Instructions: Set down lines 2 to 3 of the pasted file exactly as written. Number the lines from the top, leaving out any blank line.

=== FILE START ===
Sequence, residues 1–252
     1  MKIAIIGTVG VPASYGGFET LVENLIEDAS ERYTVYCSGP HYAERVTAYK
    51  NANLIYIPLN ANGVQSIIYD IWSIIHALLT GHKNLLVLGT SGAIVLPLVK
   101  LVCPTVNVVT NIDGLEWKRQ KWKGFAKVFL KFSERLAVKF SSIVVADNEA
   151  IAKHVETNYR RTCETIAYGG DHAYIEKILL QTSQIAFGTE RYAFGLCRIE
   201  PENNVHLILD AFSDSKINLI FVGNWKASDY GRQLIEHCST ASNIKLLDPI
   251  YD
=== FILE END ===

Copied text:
     1  MKIAIIGTVG VPASYGGFET LVENLIEDAS ERYTVYCSGP HYAERVTAYK
    51  NANLIYIPLN ANGVQSIIYD IWSIIHALLT GHKNLLVLGT SGAIVLPLVK